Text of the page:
India is not insecure, China certainly is

In a recent exclusive interview with the The New Indian Express, External Affairs Minister S Jaishankar declared that India was ‘too big and strong to (feel) insecure’.

Published: 20th August 2022 07:07 AM  |   Last Updated: 20th August 2022 07:07 AM   |  A+A-

External Affairs Minister Dr S Jaishankar

In a recent exclusive interview with the The New Indian Express, External Affairs Minister S Jaishankar declared that India was ‘too big and strong to (feel) insecure’. But China, which is bigger and perceived to be stronger than India, does not seem to feel so. Going by what Chinese Ambassador Sun Weidong indicated in New Delhi, Beijing keeps wanting Indian reassurance every now and again that it would not go back on the ‘One China’ policy vis-à-vis Taiwan, this time after the controversial visit of the US House Speaker Nancy Pelosi. 

Even as it purportedly demonstrated its military might and perceived strategic supremacy by undertaking a series of war exercises with live missiles around Taiwan, China still had its envoys across the world calling on the respective Heads of State/Government to seek and record such reassurance in the local media. In doing so, those envoys added their own host government to the long list of nations that still swore by the ‘One China’ policy. In this context, the problem for China was that New Delhi had not reiterated the ‘One China’ policy in recent years. Arindam Bagchi, the spokesperson for the Ministry of External Affairs (MEA), then clarified that there was no need to keep repeating the same position every now and again. Whether China is satisfied with the response or if it was seeing ghosts where none existed remains to be known.

Unilateral changes
Beijing’s headcount of nations still backing the ‘One China’ policy has continued even after the American superpower rival, too, had declared its continued attestation of the ‘One China’ policy. A US State Department spokesperson went on to reassert that they did not support Taiwan’s independence but were against ‘unilateral changes to the status quo by either side’ and wanted ‘cross-Strait (Taiwanese Strait) differences resolved through peaceful means’. It was after Arindam Bagchi said as much.

Tibet Policy
Beijing’s suspicions about India are not confined to the ‘One China’ policy. On what remains a bilateral issue, it wants India to reiterate the nation’s ‘Tibet Policy’ now and again—this means New Delhi’s acknowledgement of the one-time Himalayan Kingdom being a part of China since annexation decades ago. This flows from a sense of insecurity, which Jaishankar asserted that India did not suffer from. 

The Indian sense of security and consequent clarity in the two matters is seen in New Delhi not feeling such a need to keep reiterating its policy position once declared. Against this, Beijing has been demonstrating its lack of self-confidence. So, it is trying to showcase its might by claiming that Arunachal Pradesh was a part of China. However, this is aimed at making it a bargaining chip on the larger border dispute, over which negotiations have been stalled for long.

The Dalai Lama factor
Less said about China’s apprehensions about a future Dalai Lama. Its perceptions about an Indian role in the affair are killing bilateral relations and border negotiations. This is so even after the incumbent Dalai Lama has distanced himself from politics, leaving politics and diplomacy to the Tibetan ‘government-in-exile’ in Dharamshala, Himachal Pradesh. A confident China that is also wise would have instead breathed easy at the fact that past Indian commitments are limited to the present Dalai Lama, and there is no political element to it.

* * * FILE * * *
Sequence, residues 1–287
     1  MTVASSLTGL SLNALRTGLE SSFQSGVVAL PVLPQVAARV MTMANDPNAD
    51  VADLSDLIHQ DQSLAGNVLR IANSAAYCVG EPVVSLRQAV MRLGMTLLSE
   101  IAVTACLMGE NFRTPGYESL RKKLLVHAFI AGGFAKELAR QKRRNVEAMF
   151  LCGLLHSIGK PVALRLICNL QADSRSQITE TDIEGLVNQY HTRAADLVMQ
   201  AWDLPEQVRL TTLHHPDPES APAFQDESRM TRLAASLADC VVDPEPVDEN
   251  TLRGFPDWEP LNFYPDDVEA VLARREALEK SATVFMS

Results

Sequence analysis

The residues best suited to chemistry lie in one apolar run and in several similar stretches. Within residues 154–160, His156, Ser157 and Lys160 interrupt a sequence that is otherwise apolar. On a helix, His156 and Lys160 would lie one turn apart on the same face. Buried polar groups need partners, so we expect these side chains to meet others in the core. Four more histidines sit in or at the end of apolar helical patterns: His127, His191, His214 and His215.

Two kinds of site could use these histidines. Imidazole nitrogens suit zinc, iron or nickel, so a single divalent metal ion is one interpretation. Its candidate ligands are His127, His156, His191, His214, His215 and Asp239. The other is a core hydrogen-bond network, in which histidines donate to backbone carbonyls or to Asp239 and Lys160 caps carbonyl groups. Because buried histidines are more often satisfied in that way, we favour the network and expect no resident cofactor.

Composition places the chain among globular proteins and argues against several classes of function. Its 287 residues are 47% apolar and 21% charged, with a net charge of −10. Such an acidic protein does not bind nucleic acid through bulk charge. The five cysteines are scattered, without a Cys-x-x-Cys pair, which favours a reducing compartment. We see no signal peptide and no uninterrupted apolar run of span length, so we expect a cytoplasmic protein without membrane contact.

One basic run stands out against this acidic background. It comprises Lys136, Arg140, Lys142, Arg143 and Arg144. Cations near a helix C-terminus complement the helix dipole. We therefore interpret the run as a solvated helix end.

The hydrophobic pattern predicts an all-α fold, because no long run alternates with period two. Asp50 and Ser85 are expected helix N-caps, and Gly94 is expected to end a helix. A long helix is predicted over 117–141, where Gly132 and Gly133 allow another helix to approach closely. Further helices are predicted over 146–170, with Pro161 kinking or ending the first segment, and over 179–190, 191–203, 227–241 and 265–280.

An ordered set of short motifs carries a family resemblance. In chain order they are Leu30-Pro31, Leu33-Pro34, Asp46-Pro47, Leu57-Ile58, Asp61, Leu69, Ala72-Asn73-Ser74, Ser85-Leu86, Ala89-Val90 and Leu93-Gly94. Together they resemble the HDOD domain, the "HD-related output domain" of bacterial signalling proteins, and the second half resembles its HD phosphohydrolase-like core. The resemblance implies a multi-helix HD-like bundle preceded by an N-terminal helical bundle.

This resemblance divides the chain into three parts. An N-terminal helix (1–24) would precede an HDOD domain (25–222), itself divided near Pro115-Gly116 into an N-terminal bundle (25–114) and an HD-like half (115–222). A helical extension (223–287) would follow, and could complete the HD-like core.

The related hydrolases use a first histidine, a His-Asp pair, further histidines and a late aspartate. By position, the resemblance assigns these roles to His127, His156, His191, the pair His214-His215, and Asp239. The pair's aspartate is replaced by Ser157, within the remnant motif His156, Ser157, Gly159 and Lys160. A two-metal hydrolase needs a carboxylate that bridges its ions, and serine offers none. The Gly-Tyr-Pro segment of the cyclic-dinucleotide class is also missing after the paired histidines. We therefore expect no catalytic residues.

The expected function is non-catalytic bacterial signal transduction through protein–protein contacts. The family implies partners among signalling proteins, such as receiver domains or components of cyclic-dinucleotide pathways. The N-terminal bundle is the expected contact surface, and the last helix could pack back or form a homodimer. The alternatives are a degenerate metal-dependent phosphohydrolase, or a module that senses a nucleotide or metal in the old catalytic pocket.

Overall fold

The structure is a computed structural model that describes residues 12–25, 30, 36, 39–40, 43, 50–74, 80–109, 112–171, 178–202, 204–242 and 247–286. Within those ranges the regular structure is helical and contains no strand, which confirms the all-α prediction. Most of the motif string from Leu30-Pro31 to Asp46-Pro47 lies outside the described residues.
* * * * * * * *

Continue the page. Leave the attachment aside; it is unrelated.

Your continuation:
Showing its ‘prowess’
In context, China’s issuance of ‘paper visas’ for Indian citizens from Arunachal Pradesh, Jammu and Kashmir and Ladakh are all a further expression of Beijing’s immature and tentative approach to international diplomacy in the 21st century—that too when it wanted the rest of the world to believe that it was an emerging superpower. 

Xi Jinping’s China thus belongs to the medieval era when lonely nations asserted their non-existent self-confidence by going to war on border issues and the like. China is brash and crude in its dealings with adversaries—in thought, word and deed. Galway is proof enough. India is firm and clear. Jaishankar telling Europe in Slovakia not very long ago not to lecture India on Russian oil purchases when they were buying Russian gas is a case in point. As he said, India would do what it thought was good for India. Though not everyone wants to acknowledge this, it has been a post-Independence inheritance and legacy. 

Neighbourhood First
In contrast, a more confident India, as Jaishankar asserted, has conferred greater clarity on its ‘Neighbourhood First’ policy, which was being practised without a nomenclature but has acquired one under Prime Minister Narendra Modi. India’s Covid assistance of every kind, including credit facilities to smaller neighbours, stand out in contrast. So has been New Delhi’s conduct in sending shiploads of food, fuel and medicines to Sri Lanka when the island nation was hit by the unprecedented economic crisis, for which the country was clearly unprepared, too. 

Unlike Chinese nervousness over Pelosi’s Taiwan visit, India was not jumping up and down over China’s dual-purpose research or spy ship, Yuan Wang 5, docking at Hambantota Port, which is on a 99-year-long lease-possession of the Chinese. That too after Colombo had clarified its position—whether satisfactory or not!

N Sathiya Moorthy

Policy analyst and commentator



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